Parent Lawsuit Update: School Board Fires Back

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Parent Lawsuit Update: School Board Fires Back

A Richmond-based law firm representing the Albemarle County School Board has filed a series of pleas and motions in the county Circuit Court case in which five sets of western district parents and their children are suing the board, Superintendent Matt Haas, and Assistant Superintendent Bernard Hairston. The parents claim that an anti-racism curriculum piloted last spring at Henley Middle School violates their children’s constitutional rights, and they request that the curriculum be discontinued or that parents be allowed to opt their children out of that instruction.

The lawsuit, launched in December, claims that students’ freedom of speech, freedom of religion, and due process rights are violated by the Henley curriculum. The plaintiffs claim that the anti-racism lessons segregate all students into “dominant” and “subordinate” societal groups based on immutable qualities such as skin color, religion, and gender status, and that they unlawfully discriminate against those groups deemed dominant (“white, middle class, Christian, and cisgender”). The suit also claims that students who question the curriculum’s definitions of racism can face disciplinary charges for “racist actions.” (See the Gazette’s February issue for more details.)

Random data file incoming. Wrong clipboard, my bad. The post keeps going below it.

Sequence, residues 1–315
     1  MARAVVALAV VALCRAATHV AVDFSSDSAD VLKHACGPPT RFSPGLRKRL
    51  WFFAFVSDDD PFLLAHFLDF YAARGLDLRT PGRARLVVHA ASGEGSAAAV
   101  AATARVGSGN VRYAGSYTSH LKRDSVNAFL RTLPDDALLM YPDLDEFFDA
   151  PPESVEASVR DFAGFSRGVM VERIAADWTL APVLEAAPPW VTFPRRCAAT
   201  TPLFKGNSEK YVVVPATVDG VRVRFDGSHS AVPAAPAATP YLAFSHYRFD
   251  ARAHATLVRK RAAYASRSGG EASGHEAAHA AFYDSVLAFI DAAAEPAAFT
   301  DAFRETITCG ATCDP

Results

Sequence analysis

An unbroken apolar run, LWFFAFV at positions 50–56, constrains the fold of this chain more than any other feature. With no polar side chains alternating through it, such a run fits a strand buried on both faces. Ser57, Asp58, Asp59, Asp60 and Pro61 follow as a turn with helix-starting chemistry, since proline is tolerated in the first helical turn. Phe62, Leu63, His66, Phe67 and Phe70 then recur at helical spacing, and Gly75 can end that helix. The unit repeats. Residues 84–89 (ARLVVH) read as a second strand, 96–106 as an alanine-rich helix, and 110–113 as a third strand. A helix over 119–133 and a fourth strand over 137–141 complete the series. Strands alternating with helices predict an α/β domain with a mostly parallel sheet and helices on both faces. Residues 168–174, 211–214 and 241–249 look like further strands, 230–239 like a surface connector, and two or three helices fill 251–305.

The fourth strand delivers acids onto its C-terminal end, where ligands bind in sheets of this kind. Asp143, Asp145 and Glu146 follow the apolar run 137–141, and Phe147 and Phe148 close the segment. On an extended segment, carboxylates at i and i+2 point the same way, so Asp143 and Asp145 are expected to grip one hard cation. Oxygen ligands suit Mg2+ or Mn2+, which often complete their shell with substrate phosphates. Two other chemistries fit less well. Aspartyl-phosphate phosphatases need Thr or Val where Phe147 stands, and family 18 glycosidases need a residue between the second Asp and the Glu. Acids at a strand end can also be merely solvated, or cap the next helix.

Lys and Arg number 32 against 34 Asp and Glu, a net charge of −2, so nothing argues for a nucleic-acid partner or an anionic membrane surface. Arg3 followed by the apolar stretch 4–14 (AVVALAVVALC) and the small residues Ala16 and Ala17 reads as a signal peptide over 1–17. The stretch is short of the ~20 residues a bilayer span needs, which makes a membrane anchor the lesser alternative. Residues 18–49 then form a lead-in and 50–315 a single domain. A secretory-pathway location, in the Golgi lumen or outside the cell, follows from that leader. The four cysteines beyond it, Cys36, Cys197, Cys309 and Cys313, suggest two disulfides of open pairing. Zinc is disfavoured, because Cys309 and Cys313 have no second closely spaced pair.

The law firm of Harmon Claytor Corrigan Wellman, representing the School Board, filed four motions on January 31 in response to the plaintiffs’ complaint, each of which lays out part of the board’s defense strategy. The first is a Demurrer, which objects to each of the six Causes of Action cited by the parent plaintiffs. The Demurrer makes several assertions: that the plaintiffs do not have a private cause of action in this case, that they do not allege sufficient facts to support their claims, that they are unreasonably interpreting school division policy, and that they have no fundamental right to dictate the content of the curriculum offered by a public school. 

Rather than presenting a legal defense to the claims themselves, a Demurrer basically tests whether the plaintiffs’ claims as pleaded are insufficient to proceed (sometimes informally referred to as a “So what?” filing). The judge may either sustain the Demurrer and allow the plaintiffs to fix the problems in their complaint, or overrule it, in which case the School Board must answer the substance of the complaint within a specified time period.

The second filing is a Plea in Bar, a plea that sets out a single set of facts which, if proven true, would bar the case from going forward entirely. The School Board’s attorneys argue that neither the parents nor the students have standing to pursue their claims because none of them “has sustained an actual injury as a result of the policy, its implementation, or any threatened enforcement.” 

The defendants contend that the students did not experience harassment and were not threatened with enforcement of student discipline as a result of the lessons. Although one plaintiff alleges that they were forced to withdrew their student from Henley and enrolled them in private school to avoid the anti-racism curriculum, the School Board argues that the withdrawal proves that the parent had the freedom to exercise school choice and was thus not harmed. The Plea in Bar also claims “sovereign immunity” for the school division and Haas and Hairston, which could shield them from liability in this case.